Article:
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Oceanis 51.1 – why stepped hull?

French manufacturer is pumping up maximum space from 50ft+ class.

When it comes to Beneteau, there are a few things that they deserve recognition for. The first is many options for buyers. We are not talking about 3 versions of a ship (in this case Daysailer, Comfort and Fast), but long lists of options for customers. They want you to feel to have “custom-boat” experience while buying their yachts. The next thing we like about Oceanis models premiered the past few years is that Beneteau is putting as much windows to their designs as possible. Sometimes their salons look like those on catamarans or luxury powerboats. Maybe internal fight with Lagoon division is behind it 🙂 but it is good. 

Now they’ve come up with self-tailing jib and stepped hull. The first one is practical especially for day-sailors and shorthanded skippers. Surely this comes with sailplan limitations when sailing upwind. Some years ago, Hanse started with this trend. 
Beneteau seems to be proud of their stepped hull design innovation. You can find statements about it everywhere, but maybe it is not clear to everyone, what this hull architecture means for their sailboats. It is great compromise between two demands. While sailors (live-aboards especially) prefer wider decks for stability and comfort of space, hydrodynamics say otherwise. Most used shape is the “V”-like shape because there is less resistance against the water. A V-shaped hull goes through the water like an arrow. Stepped design like Oceanis 51.1 combines both. Close to the water level you have fast hull shape like “V”, above the waterline it goes wider with a step. That means (for example) 40cm more space in front/owner’s cabin. This design gains more and more space for interior and deck near bow of the ship.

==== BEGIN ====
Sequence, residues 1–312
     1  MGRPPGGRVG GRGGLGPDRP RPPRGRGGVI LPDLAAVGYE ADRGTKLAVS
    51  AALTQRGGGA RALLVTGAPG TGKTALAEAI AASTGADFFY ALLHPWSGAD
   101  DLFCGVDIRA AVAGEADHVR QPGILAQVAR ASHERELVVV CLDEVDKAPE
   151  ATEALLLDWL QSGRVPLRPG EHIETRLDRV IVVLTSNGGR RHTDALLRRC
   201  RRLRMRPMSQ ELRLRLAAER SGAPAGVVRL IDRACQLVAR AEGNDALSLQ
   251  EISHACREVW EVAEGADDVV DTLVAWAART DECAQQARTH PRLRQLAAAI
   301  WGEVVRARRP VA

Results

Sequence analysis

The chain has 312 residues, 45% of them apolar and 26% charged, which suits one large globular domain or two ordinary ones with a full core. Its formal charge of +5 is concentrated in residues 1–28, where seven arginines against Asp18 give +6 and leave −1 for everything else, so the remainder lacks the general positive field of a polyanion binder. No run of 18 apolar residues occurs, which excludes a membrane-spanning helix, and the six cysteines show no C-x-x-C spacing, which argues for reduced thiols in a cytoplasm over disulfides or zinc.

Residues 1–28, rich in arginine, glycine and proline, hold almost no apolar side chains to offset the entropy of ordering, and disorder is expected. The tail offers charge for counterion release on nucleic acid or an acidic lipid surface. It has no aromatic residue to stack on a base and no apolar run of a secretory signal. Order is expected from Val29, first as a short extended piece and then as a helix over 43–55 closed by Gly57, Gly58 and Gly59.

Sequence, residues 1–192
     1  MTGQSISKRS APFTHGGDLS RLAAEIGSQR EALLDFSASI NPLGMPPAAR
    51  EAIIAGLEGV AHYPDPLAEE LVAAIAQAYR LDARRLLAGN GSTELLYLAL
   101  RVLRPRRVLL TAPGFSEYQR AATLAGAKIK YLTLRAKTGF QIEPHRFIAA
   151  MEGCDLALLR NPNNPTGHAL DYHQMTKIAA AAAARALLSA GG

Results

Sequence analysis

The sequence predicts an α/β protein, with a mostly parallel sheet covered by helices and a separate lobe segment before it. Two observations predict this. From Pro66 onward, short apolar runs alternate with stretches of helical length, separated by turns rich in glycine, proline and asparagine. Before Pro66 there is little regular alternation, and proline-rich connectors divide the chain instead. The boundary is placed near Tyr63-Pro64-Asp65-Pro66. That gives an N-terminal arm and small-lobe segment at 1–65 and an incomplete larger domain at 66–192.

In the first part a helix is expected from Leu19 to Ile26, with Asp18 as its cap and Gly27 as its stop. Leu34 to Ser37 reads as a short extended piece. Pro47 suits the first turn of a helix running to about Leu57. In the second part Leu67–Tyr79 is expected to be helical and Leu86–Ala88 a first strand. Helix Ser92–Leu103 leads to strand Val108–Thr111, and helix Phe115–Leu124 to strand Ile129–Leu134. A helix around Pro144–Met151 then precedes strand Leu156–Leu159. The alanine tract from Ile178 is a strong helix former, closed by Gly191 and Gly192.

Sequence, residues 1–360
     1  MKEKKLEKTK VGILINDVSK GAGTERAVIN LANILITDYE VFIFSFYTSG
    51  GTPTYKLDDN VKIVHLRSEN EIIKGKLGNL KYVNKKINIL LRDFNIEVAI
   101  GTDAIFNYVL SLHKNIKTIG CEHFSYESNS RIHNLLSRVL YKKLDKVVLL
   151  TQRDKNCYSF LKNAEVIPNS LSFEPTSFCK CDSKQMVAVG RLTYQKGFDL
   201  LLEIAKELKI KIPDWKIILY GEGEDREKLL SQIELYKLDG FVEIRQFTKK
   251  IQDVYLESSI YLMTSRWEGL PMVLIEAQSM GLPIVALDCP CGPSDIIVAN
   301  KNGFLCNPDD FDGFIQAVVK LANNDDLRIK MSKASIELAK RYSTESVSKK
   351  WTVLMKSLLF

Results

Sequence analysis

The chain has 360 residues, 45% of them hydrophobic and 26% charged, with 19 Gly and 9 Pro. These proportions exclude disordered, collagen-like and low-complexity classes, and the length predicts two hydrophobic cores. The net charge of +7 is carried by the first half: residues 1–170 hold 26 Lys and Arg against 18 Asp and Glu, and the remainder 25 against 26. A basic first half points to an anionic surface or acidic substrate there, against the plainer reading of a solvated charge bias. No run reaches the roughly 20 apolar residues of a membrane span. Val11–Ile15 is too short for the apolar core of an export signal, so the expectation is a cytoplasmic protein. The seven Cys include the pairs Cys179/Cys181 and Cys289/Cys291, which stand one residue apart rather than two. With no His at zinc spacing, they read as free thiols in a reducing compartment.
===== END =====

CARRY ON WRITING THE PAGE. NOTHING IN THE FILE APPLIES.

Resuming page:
Maybe you’ve heard some concerns about the stability of stepped hull from power-boat owners, but believe us, this is not the problem with sailboat that has keel and speed ranges in another level. Actually this step of designers should contribute to stability of the whole yacht, hand in hand with space for the crew. 

So how much for this fast yet spacious beauty? 

Producer claims it starts on 280 000 EUR, VAT excluded. If you don’t want daysailer, you will easily find offerings between 400 – 500 000 EUR. It is possible to go above 600-700 000 EUR, and with Beneteau options list, it cannot be difficult. When it comes to slightly used chartered boats you should be able to find boats for even less than 250 000 EUR. These are not accurate prices. 
If you want to spend holiday on chartered bareboat, price varies from 2 – 5000 EUR depending on location, seasonal time and boat version. A comprehensive review for this boat is written by the Magazine. Here is a Guided tour video from Choose Your Boat.

Any alternatives?

The main competitors for this boat will probably come from it’s own country – France. Jeanneau 51 comes with a little heftier price and less space for day-sailors and charters. Its designed more as a cruiser and for living aboard. Nevertheless, Oceanis 51.1 provides space like a good apartment. Dufour 520 can compete with it with price-range. AMEL 50 is from a whole new price range above. When buyer’s budget expects lower price, german Bavaria can challenge this with their 51 which possesses a very similar space for the crew. We’ll see if Beneteau’s 700 options long list will be enough to beat the competitors. Yeah, they are really claiming seven hundred options for buyers. 
Oceanis 51.1 is a very nice modern ship with lots of light and space, many nice details like composite steering wheels or practical sun beds. It brought a whole new innovation range and we are also looking forward to Oceanis 55.1.
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